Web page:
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Tuesday, August 25, 2009


 

Heroic airplane bombers


As everyone knows, there's been a brouhaha in the West over the release of Abdel Baset al-Megrahi, convicted in the bombing of Pan Am 103, the "Lockerbie bombing." President Obama has demanded that the Libyan government not "welcome" him and instead place him under house arrest. Politicians in New Jersey are demagoguing over the possibility that Libyan President Gaddafi might actually stay in NJ when he comes to speak to the U.N. (because, I presume, staying in New York is so much less an "offense" to the U.S.). And yesterday I had to listen to Cuban-American CNN anchor Rick Sanchez pontificating about the "heroes' welcome" being given to an airplane bomber.

About which two things must be said. First of all, the evidence against al-Megrahi was thin gruel indeed, with $2 million having been paid to the star witness against him, a witness who was interviewed 17 times before prosecutors could finally coax out of him testimony that would be useful to them; even then he still didn't conclusively identify al-Megrahi at the trial. al-Megrahi consistently maintained his innocence, and, if you read the statement he issued upon his release, if your reaction is anything like mine you'll have a hard time believing this man isn't totally sincere and totally innocent of the crime he was convicted of.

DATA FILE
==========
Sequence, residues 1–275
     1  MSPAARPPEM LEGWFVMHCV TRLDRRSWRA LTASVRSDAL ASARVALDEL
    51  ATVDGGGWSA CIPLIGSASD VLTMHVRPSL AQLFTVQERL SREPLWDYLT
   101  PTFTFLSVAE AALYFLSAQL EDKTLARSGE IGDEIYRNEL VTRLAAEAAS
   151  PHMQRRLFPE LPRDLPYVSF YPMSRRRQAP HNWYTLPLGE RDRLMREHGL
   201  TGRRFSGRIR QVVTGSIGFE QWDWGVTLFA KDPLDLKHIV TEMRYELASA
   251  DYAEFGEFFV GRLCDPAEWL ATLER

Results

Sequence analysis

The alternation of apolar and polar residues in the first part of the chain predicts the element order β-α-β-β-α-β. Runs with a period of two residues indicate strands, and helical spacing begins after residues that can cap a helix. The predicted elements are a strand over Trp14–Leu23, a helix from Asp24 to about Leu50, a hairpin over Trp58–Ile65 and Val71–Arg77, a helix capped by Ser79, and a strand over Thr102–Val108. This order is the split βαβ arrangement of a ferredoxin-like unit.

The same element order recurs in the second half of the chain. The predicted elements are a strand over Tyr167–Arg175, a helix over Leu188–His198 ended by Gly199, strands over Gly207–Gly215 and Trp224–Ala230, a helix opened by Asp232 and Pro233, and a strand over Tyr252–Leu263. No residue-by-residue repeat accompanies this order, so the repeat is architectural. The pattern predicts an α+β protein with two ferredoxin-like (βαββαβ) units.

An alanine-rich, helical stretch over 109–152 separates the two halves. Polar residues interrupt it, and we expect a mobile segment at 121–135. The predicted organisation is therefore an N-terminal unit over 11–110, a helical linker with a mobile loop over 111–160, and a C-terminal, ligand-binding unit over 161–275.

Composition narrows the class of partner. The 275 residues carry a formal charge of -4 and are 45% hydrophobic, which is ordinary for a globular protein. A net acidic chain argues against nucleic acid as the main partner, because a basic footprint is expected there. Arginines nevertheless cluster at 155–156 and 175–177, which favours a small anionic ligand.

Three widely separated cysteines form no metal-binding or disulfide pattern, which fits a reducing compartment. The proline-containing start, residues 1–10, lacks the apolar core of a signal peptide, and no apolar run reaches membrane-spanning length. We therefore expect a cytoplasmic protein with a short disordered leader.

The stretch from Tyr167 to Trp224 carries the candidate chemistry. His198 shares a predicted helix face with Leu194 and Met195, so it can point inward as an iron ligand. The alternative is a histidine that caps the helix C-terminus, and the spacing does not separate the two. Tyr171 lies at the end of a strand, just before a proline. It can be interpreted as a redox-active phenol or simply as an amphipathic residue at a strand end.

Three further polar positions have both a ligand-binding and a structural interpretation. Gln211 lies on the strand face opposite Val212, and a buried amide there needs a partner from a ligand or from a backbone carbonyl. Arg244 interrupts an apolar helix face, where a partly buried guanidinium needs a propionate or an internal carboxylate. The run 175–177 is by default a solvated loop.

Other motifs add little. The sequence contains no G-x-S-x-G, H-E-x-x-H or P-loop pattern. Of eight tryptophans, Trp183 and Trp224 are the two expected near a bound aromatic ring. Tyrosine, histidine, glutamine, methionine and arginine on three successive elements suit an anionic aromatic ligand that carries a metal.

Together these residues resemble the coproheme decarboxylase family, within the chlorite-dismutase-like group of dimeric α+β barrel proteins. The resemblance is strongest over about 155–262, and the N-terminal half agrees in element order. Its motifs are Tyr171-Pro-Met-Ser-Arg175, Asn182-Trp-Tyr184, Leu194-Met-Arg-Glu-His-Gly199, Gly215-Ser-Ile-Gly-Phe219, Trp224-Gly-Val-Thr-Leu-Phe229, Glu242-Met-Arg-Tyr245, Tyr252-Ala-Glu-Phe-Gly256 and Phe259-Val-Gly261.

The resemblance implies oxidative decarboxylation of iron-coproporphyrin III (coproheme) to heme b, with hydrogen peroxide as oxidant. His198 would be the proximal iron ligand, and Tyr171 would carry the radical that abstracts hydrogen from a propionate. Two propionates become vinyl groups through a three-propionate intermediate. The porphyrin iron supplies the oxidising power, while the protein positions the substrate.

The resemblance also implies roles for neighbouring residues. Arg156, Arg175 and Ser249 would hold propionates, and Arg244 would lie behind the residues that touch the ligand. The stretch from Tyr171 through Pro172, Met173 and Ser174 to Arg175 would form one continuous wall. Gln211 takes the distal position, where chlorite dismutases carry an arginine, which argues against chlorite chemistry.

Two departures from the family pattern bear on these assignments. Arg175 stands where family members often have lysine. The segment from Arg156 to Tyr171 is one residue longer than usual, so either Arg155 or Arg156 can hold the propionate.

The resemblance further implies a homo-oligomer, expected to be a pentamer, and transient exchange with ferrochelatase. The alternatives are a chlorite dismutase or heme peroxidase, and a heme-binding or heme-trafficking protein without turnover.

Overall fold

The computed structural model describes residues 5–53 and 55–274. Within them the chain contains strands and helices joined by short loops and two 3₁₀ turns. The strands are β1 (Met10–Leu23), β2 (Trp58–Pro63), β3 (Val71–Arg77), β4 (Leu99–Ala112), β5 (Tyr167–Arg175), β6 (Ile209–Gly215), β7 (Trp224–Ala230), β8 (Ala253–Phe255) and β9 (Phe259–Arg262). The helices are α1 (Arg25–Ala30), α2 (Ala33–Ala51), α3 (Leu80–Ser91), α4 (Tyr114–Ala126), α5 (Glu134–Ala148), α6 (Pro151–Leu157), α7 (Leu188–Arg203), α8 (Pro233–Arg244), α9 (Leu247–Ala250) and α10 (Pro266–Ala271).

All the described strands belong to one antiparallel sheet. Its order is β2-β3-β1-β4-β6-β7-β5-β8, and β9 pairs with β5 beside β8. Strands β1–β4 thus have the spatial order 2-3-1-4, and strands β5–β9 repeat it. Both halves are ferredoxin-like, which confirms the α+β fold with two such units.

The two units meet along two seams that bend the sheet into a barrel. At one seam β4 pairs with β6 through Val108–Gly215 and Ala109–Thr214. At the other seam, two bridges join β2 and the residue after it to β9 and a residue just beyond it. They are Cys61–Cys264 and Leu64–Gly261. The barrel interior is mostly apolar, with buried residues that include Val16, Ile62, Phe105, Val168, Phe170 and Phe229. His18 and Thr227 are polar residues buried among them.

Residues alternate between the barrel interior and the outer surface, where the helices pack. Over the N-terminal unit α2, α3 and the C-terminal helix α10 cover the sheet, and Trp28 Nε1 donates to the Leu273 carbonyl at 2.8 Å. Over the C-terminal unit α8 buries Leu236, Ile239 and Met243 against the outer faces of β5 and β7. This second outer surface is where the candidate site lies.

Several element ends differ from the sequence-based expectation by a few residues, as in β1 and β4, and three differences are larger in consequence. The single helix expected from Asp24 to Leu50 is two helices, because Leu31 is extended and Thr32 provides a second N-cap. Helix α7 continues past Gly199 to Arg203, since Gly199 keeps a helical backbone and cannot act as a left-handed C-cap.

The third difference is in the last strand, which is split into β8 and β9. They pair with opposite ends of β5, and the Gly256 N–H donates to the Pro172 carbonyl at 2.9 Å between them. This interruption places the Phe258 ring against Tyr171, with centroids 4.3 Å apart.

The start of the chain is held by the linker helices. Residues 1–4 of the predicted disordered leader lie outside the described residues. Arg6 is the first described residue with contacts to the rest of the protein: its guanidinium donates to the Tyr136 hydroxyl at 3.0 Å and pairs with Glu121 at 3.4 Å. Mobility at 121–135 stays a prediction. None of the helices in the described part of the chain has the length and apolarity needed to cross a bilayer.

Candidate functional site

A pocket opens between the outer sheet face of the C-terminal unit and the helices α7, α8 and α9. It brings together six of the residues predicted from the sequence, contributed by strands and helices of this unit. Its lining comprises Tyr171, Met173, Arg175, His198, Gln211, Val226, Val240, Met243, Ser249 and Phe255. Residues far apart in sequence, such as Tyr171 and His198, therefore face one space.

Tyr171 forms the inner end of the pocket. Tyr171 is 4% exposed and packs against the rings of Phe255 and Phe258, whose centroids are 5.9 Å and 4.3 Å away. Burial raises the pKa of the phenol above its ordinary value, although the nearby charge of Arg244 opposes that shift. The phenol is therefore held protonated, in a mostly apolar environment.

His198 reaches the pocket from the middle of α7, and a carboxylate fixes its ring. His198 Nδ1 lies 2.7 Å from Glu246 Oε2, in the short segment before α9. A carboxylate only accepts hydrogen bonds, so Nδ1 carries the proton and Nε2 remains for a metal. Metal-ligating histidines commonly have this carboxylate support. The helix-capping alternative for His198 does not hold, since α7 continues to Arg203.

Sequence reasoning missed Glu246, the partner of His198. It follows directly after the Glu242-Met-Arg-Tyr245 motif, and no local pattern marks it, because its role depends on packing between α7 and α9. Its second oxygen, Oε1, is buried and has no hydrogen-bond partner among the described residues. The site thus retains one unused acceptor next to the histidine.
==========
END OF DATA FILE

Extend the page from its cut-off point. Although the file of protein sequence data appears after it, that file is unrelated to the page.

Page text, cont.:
And second of all (and yes, Rick Sanchez, I'm looking at you), complaints about a heroes' welcome being given to airplane bombers? You, a member of the Miami Cuban community, have got to be kidding. Just last year, a party attended by 500 people was held in Miami in honor of Luis Posada Carriles, one of the two masterminds (Orlando Bosch, another Miami resident, being the other) of the first commercial airline bombing in the Western hemisphere, the 1976 bombing of Cubana flight 455 which killed all 73 people on board. Luis Posada Carriles, the man still being protected by the United States government (you know, the one headed by that same President Obama) from being extradited to Venezuela to stand trial for that bombing. Yes, Rick, do talk to us about how offended you are when airplane bombers are given a heroes' welcome.


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